The Collegian
Saturday, March 25, 2023

Students' cars removed after parking fines reach $1,000

In 2008, the University of Richmond ticketed 11,633 illegally parked cars and collected on roughly half of these tickets -- more than $175,000 based on the minimum citation fine.

Some students acquired more than their fair share of tickets -- and they aren't happy about it.

Marcellies Pettiford Jr., a junior and Richmond College Student Government Association senator, said he thought parking regulations were too strictly enforced. Parking services instructed Pettiford to move his red 2004 Jeep Grand Cherokee off campus three weeks ago, after he had accumulated more than $1,000 in parking tickets, he said.

"I think that's ridiculous that they made me remove my car from campus, because I'm paying [my tickets]," he said. "I'm basically contributing to campus."

Parking services reserves the right to restrict students' parking if they accumulate an excessive number of tickets and show a blatant disregard for the rules, said Natalia Green, director of parking services.

"No one really needs to spend over $1,000 in parking tickets," she said. "I mean that's just throwing money to the wind."

Parking citation fines range from $30 to $100, and additional penalties are added if a car has been cited more than five times per semester.

These fines do not provide a set revenue stream, said Jennifer Sauer, associate vice president of parking spaces and controller.

Like alcohol and safety fines, parking fines are meant to deter certain actions, she said.

Green echoed the same sentiments.

"I've never, in the years I've been here, been told, 'You have to bring in "x" amount of money,'" she said. "Basically, if you come across an illegally parked car, you write [a ticket]."

Parking enforcement specialists and university police gave out roughly 13,000 citations in 2007, and 11,633 citations in 2008.

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These numbers include tickets given to students, faculty, staff and visitors, Green said.

Many of these citations were given out at the beginning of the academic year, Green said, when students had not registered their cars or weren't familiar with parking regulations. Parking services usually voids these tickets and gives the offender a warning, Green said.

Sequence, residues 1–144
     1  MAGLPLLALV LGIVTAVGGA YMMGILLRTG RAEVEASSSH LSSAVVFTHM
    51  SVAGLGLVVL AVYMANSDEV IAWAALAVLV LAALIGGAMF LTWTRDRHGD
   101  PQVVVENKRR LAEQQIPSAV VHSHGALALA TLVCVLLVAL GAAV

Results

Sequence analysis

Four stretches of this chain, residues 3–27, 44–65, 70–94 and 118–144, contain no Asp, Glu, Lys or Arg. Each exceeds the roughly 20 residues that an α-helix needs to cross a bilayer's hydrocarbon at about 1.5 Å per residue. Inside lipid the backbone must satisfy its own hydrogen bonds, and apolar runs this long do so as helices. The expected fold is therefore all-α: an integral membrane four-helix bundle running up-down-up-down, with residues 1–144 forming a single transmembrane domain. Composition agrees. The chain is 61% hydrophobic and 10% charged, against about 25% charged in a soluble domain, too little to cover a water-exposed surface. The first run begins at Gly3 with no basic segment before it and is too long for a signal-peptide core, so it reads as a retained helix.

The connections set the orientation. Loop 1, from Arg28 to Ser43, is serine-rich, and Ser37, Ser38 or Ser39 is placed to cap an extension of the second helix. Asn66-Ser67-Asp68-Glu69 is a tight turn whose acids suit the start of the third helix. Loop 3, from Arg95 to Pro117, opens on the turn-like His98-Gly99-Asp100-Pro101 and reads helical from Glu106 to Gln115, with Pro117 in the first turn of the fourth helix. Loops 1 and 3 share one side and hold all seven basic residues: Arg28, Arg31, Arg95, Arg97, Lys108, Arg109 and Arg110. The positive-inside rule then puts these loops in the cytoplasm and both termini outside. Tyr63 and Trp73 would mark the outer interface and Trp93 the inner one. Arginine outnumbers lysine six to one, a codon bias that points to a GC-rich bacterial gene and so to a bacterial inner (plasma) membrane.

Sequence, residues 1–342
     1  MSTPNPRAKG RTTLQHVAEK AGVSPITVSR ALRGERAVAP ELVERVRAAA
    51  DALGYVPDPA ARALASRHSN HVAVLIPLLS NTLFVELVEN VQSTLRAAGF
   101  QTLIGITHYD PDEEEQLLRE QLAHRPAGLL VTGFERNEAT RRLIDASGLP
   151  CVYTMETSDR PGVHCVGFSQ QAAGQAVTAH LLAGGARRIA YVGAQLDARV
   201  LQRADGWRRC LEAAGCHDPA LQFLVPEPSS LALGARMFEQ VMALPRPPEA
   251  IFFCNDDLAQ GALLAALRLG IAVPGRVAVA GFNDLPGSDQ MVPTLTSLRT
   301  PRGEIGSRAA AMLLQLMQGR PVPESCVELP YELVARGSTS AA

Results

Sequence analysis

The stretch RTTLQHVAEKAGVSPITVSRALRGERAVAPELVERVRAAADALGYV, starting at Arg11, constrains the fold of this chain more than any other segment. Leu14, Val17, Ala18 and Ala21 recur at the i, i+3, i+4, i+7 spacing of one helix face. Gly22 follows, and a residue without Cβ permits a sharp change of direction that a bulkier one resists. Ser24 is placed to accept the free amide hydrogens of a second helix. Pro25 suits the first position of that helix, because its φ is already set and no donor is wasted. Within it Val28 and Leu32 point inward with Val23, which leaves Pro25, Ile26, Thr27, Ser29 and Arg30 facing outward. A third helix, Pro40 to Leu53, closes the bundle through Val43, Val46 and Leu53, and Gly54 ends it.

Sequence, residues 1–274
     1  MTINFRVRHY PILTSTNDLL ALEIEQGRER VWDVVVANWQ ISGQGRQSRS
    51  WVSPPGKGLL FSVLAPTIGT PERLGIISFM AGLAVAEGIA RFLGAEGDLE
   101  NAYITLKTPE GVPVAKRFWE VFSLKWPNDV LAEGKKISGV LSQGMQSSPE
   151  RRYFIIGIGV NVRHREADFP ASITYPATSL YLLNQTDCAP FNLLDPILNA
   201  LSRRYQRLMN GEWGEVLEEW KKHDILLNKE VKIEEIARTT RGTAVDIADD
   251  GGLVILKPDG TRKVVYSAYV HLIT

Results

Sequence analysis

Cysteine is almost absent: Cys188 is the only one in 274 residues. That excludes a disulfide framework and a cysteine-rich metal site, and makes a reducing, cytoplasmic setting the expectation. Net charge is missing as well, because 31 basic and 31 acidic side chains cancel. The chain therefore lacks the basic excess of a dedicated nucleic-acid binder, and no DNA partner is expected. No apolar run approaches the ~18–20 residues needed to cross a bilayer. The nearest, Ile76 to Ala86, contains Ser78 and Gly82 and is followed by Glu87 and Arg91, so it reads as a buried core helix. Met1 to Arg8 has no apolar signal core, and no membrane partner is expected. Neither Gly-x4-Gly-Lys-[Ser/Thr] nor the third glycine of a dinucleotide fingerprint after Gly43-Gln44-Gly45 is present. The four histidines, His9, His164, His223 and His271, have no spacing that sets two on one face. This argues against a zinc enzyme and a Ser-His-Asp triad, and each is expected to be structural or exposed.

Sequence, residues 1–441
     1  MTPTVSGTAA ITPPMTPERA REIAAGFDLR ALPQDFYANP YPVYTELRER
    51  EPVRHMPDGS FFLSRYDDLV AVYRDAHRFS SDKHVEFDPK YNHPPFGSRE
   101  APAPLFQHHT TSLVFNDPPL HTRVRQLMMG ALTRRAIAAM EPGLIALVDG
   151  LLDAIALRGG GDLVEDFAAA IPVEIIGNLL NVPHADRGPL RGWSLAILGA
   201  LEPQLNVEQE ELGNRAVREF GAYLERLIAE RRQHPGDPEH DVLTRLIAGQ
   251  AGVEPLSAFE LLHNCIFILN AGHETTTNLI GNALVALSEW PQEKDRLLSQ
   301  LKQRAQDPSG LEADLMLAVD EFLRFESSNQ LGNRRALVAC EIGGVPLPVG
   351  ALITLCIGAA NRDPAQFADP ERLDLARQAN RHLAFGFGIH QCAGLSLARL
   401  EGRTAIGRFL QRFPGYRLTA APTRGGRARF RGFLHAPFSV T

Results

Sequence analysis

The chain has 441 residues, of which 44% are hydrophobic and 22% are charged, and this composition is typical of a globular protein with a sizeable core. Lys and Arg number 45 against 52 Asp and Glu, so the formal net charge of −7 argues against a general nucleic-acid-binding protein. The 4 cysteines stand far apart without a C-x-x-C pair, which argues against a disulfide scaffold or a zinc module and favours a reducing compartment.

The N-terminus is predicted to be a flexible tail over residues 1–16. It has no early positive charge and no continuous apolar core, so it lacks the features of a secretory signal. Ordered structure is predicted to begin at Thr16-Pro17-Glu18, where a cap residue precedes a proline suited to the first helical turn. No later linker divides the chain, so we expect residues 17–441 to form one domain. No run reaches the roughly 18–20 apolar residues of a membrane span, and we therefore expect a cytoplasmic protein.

The Appeal Board revoked some of these citations, but the exact numbers are unknown, Green said. The Appeal Board is composed of student, faculty and staff representatives, and meets every other week, Green said. The board grants or warns about two-thirds of appeals and denies the other third, she said.

Pettiford used to sit on the board as the RCSGA representative. The board was lenient with first time offenders who made it clear that they had not known the rules, he said. The members had also been considerate of unusual circumstances based on the offender's record, he said.

"You know, one guy said he had to use the restroom really badly, so he parked outside of a building and ran inside," Pettiford said. "[We considered] things of that nature."

Austin McKissock, another Richmond College junior and senator, is the current RCSGA representative on the Appeal Board.

There is room for improvement in the parking system, he said.

"I'd say the biggest issue is just people knowing and understanding where they can park at what times," he said, adding that the lack of clarity made the parking system complex.

Westhampton senior Alexis Scuderi's silver 2007 Chevrolet Trailblazer has been ticketed 33 times during the 2008-09 school year, totaling more than $1,000. She thinks the school should allow students to park in certain lots depending on which school they are in, she said.

"Especially for upperclassmen who live in the apartments, if you're in Jepson or the business school, they should allow you to park in certain areas," she said.

Juniors and seniors living in the University Forest Apartments received an e-mail on Wednesday, March 18, that stated they would no longer be able to park their cars in the commuter lot off of UR Drive between 7:30 a.m. and 3 p.m., Monday through Friday.

Too many students living in the apartments had been parking in C-lot during the day and then walking to class, Green said.

Her office received complaints from commuter students, faculty and staff members, and visitors to the university, all of whom had no place to park, she said.

Brendon Clar, a senior commuter student, was often without a place to park.

"It's hard to say that someone who pays for a C-lot sticker can't park in C-lot because it's full of kids with A-lot stickers," he said. "I had like $300 in tickets from parking in front of the apartments because it's labeled an 'A-lot,' but nobody [with an A-lot sticker] was getting tickets for parking in C-lot."

Contact staff writer Guv Callahan at

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